A hotly anticipated device, Apple Vision Pro has finally launched, and that excitement has gotten the better of some users who have used it in very strange ways.
Apple’s first foray into ‘spatial computing,’ Apple Vision Pro, can be used to mirror your Mac on a massive screen, watch 3D movies, relive memories with spatial video, and even call family members as a 3D version of yourself. Designed to wear around the house, it fits into the Apple ecosystem with support for tons of apps. However, when users started to parade it around in public, it resulted in some spectacularly bizarre moments.
Working in the NYC subway on the go with Apple Vision Pro?! 🤯🤯 pic.twitter.com/iVWiYlxjxPFebruary 3, 2024
From one impractical use in public to another, a user was spotted using Apple Vision Pro whilst driving their Tesla Cybertruck. Given the confined space of the truck and the user's erratic hand movements, it seems highly probable that this scenario is indeed fake.
Tesla Cybertruck meet Apple Vision Pro! pic.twitter.com/CFk4PAviZsFebruary 4, 2024
This Simpsons clip from almost a decade ago feels oddly real now.
This episode is from 2016. Accurate? pic.twitter.com/NWqPhmxnCDFebruary 5, 2024
For some strange reason, this creator decided to put on the headset while punching the air in a park. Hopefully, the passthrough is good enough to avoid accidentally hitting a stranger.
My enemies are finished#AppleVisionPro pic.twitter.com/WLXw20NODtFebruary 4, 2024
Filmmaker, Casey Neistat managed to get his hands on Apple’s headset, calling it “the single greatest piece of tech” he had ever used.
Vision Pro isn't just great, it's the single greatest piece of tech ive ever used pic.twitter.com/ArBgbkH0URFebruary 3, 2024
Elsewhere, Mike from VR Oasis imagines a world where Android users are blocked out from Apple Vision Pro owners
Android users through Apple Vision Pro pic.twitter.com/MZEgYWOXdJFebruary 5, 2024
Perhaps the strangest application of Apple’s headset so far is a clip from a Celtics’ basketball game. None of the Apple Vision Pro spatial games give users the ability to throw a basketball yet, so this seems just to be sheer excitement at watching the game. The Celtics went on to win that game, so maybe the joy was warranted.
Air Vision Pro courtside is crazyyyy 😭 (via jonah_rothman/IG) pic.twitter.com/knGjcdUok9February 5, 2024
VR YouTuber BMFVR tested out his new Apple Vision Pro by using it to shop for groceries, and it seems oddly tedious.
So yeah grocery shopping with the Apple Vision Pro is actually not bad. #AppleVisionPro pic.twitter.com/cdhmaFvRLOFebruary 3, 2024
In Canoopsy’s video wearing Apple Vision Pro for 24 hours, he walked along a beach, traveled through a city, and even visited a buffet.
In a similar vein, Ray Wong, the deputy editor of tech reviews and guides at Inverse ate lunch while in the headset.
Pretty cool that you can eat finger food while using Apple Vision Pro and go right back to controlling visionOS without having to wipe your hand/fingers down 😎Anyway, here’s 140 seconds of me eating lunch while reading and liking your guys’ tweets 👌 pic.twitter.com/nUneFzCxCZFebruary 1, 2024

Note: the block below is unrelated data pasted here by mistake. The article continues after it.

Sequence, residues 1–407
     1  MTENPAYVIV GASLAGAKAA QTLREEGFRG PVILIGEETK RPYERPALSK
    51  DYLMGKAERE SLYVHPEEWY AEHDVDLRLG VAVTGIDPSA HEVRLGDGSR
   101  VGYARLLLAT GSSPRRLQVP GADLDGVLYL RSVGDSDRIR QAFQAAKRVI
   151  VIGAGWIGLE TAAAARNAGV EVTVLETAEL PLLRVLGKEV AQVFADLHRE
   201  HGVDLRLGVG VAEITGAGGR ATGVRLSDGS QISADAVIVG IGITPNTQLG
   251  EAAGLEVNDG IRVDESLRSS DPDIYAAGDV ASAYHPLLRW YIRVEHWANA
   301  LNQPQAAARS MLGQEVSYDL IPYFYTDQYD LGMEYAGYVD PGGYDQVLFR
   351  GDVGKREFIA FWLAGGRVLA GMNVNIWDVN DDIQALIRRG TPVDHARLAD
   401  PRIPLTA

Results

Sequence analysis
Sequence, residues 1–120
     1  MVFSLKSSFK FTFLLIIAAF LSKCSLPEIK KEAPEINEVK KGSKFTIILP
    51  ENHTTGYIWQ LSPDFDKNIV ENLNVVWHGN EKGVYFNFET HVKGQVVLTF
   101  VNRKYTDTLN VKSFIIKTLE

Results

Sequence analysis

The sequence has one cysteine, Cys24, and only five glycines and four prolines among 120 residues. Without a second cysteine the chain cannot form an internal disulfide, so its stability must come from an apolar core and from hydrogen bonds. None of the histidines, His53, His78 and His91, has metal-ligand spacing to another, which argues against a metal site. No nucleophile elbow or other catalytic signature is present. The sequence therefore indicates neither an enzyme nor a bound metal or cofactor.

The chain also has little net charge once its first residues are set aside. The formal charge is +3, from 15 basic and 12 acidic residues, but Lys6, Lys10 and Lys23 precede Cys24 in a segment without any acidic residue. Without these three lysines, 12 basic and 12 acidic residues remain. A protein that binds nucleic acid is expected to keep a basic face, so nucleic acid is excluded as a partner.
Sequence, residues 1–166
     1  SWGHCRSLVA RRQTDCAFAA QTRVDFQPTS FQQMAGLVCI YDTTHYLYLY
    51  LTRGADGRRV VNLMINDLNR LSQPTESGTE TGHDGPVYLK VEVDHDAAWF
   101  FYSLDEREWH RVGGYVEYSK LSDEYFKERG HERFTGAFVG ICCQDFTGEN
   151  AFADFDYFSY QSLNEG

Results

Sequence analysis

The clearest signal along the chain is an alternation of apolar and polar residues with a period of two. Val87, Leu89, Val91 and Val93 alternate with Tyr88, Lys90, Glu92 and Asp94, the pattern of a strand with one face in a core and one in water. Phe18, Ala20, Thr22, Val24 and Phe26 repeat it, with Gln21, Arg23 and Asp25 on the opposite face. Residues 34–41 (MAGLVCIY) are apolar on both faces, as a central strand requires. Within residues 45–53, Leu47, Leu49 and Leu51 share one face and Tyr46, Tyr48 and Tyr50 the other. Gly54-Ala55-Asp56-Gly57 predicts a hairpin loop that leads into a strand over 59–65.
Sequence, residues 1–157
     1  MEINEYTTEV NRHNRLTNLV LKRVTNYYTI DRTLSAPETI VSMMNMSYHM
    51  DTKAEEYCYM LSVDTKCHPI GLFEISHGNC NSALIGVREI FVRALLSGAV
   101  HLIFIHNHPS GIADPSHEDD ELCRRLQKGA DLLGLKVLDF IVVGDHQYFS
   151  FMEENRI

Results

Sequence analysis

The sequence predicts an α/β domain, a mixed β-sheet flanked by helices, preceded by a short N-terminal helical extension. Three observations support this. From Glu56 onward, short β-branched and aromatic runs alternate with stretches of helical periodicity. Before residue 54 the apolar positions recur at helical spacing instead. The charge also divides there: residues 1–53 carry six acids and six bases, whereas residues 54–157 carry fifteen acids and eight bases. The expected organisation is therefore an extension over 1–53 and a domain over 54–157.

This has to be the hardest, most futuristic exit of a Cybertruck owner anyone has ever seen thus far 🔥pic.twitter.com/7uY8tbg7IOFebruary 4, 2024
Not every strange application of Apple Vision Pro happened outside this weekend, as a brand new app allows you to physically tour homes they have for sale. As well as this, a rather great piano app lets you visualize the keys as you play a real-life piano.
If Apple Vision Pro’s launch is already this weird, it’s sure only to get stranger as more people get their hands on the headset.
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James is a staff writer and general Jack of all trades at iMore. With news, features, reviews, and guides under his belt, he has always liked Apple for its unique branding and distinctive style. Originally buying a Macbook for music and video production, he has since gone on to join the Apple ecosystem with as many devices as he can fit on his person.
With a degree in Law and Media and being a little too young to move onto the next step of his law career, James started writing from his bedroom about games, movies, tech, and anything else he could think of. Within months, this turned into a fully-fledged career as a freelance journalist. Before joining iMore, he was a staff writer at Gfinity and saw himself published at sites like TechRadar, NME, and Eurogamer.
As his extensive portfolio implies, James was predominantly a games journalist before joining iMore and brings with him a unique perspective on Apple itself. When not working, he is trying to catch up with the movies and albums of the year, as well as finally finishing the Yakuza series. If you like Midwest emo music or pretentious indie games that will make you cry, he’ll talk your ear off.